Gender diversity is an answer to many of the problems currently facing organisations. Much of the debate on this topic centres on gender diversity as a problem to be fixed, but recently there has been increased discussion on the merits of gender diversity and what it can do for your business. It is vital that companies look at women in the workforce not as a gender issue, but as a business one.
What is the business case for gender diversity? There are compelling reasons for having a more gender diverse organisation.
The world’s population is shrinking, and the talent pool along with it. McKinsey & Co. have predicted that employers in advanced economies will face a shortfall of 16-18 million college educated workers by 2020. Nowhere is this problem more pronounced than in STEM (Science, Technology, Engineering and Maths). Women occupy only 7% of the STEM positions in Europe and only a quarter of the positions in Ireland. Talent is the new precious resource – companies cannot afford to leave anyone by the sidelines.
Millennials will make up the majority of the workforce by 2025. We are already seeing the world of work adapt to suit this generation’s values and concerns. Offering a diverse organisation is one way to appeal to the millennial mindset. Diversity can be inspiring, for both millennials and organisations. People from diverse backgrounds challenge each other, and from this comes the most valuable ideas. Millennials recognise this and are much more likely to work for an organisation like this. Given they will be 75% of the workforce in ten years, this cannot be ignored.
The most valuable brands in the world have a higher than average proportion of female board members. The top seven brands in 2013 had an average 22.7% female board membership. According to Facebook COO Sheryl Sandberg, ‘the social world is led by women’. As brands live and die by the power of social media it makes more sense that companies incorporate more women in the decision making process. Globally, women control more than $20 trillion in annual consumer spending. In Ireland, they account for over 85% of all purchasing decisions.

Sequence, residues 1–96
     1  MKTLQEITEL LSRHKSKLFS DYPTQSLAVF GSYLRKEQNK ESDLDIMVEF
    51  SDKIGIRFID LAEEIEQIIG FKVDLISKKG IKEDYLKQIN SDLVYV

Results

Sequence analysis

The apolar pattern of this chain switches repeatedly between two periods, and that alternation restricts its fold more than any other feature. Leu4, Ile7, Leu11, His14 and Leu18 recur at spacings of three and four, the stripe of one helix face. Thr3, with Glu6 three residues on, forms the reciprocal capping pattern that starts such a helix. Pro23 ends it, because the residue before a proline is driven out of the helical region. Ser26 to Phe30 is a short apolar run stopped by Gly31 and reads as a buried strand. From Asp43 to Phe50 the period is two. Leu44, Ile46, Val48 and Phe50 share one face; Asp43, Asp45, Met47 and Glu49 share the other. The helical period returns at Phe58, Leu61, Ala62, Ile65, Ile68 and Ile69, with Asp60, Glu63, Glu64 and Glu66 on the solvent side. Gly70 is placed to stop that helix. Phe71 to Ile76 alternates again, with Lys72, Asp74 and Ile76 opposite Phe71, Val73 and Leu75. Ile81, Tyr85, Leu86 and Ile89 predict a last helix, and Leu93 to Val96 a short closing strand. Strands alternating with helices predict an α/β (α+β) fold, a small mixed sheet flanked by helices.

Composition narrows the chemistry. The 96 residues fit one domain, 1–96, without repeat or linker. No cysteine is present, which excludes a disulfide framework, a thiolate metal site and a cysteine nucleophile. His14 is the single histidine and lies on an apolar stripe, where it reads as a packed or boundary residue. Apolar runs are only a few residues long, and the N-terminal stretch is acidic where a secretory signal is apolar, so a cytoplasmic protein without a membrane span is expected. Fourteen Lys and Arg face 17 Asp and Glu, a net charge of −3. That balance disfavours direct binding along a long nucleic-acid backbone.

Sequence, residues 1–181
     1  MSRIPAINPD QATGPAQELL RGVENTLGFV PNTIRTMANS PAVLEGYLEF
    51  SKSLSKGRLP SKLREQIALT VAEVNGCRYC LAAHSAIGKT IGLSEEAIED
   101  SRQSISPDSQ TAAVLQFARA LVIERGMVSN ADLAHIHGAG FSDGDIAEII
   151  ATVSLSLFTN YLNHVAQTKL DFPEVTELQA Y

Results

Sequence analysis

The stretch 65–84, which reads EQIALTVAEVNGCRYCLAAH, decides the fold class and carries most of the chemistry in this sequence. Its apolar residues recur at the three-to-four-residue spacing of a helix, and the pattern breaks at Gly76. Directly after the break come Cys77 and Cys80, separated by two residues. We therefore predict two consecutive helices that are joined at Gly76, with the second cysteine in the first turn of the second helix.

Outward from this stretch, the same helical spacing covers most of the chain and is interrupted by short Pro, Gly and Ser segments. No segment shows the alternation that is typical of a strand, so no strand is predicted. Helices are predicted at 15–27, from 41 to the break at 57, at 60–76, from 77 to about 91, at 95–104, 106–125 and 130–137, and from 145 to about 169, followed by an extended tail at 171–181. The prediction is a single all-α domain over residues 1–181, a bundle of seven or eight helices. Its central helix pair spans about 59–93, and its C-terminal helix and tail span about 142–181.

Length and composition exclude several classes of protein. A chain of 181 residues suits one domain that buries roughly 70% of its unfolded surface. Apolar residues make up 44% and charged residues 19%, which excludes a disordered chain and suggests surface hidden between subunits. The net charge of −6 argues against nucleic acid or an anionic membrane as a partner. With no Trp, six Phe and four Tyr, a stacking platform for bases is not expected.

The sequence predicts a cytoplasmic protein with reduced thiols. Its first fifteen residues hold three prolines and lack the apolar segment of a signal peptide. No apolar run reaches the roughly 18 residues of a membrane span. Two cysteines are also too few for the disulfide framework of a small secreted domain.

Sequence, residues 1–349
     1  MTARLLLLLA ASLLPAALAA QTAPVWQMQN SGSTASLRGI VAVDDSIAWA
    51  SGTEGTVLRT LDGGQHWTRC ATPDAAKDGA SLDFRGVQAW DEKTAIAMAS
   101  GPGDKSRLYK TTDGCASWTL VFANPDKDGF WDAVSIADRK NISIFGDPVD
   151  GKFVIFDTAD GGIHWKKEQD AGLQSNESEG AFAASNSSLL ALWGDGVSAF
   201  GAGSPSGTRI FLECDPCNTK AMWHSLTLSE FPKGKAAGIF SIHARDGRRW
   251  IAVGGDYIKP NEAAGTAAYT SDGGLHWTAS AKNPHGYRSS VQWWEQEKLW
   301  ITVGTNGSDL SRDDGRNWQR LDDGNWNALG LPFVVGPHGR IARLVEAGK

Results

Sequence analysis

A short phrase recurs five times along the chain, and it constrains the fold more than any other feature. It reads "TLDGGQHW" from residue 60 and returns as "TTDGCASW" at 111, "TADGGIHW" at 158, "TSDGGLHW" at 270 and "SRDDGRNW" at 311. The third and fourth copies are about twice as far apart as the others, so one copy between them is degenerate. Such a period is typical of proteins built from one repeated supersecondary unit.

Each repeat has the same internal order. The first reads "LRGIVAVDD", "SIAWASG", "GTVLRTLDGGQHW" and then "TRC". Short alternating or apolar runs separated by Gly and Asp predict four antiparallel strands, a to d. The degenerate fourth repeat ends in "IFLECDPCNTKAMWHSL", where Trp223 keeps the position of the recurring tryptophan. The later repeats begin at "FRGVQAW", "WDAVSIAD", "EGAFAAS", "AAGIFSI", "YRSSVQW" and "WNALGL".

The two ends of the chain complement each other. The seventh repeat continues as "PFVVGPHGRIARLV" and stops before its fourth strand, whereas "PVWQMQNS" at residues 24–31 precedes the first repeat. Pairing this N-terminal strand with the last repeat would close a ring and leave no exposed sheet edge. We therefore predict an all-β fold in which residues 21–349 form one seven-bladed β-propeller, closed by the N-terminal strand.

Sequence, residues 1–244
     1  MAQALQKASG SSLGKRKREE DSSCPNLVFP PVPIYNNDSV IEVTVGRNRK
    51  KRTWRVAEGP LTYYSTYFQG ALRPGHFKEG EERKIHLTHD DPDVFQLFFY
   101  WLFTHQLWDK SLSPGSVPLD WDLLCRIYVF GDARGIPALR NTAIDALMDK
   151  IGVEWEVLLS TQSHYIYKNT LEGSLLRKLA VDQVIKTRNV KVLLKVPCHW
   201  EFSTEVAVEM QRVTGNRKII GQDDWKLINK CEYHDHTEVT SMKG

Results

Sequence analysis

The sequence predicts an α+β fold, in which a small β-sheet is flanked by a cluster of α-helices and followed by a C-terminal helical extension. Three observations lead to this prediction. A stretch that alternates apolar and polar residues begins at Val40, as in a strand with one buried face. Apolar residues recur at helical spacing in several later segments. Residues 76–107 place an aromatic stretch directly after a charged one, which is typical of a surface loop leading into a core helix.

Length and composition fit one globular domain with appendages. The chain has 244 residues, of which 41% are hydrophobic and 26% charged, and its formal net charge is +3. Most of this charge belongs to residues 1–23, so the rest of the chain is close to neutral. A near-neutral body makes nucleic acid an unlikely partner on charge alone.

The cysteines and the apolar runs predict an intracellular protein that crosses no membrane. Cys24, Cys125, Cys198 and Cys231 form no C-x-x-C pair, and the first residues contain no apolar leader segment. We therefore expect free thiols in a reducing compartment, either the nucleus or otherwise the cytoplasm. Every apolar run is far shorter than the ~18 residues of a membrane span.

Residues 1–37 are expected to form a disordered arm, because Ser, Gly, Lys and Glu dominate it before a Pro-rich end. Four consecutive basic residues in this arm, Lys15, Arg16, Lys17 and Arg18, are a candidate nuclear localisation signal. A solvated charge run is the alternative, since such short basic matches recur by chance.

Companies are losing their best people because they are not able to keep them engaged. Worldwide work engagement is now under 15%, according to Gallup. Having more female friendly policies will keep top female talent more engaged. According to a study of women in engineering careers, women are less likely to leave their work if supported in their career development. This perceived support even negates the effects of a poor manager or a difficult microclimate. As well as increasing motivation and innovation on the job, tackling gender diversity will help retain and attract staff.
Credit Suisse found that companies where women made up more than 10% of top operational jobs had a 27% higher return on equity and a 42% higher ratio of dividend pay outs, compared to companies with less than 5% in such positions. It makes sense, therefore, to talk about women in work not so much as a diversity issue but as a business imperative. Gender diversity is not a problem, it’s a solution!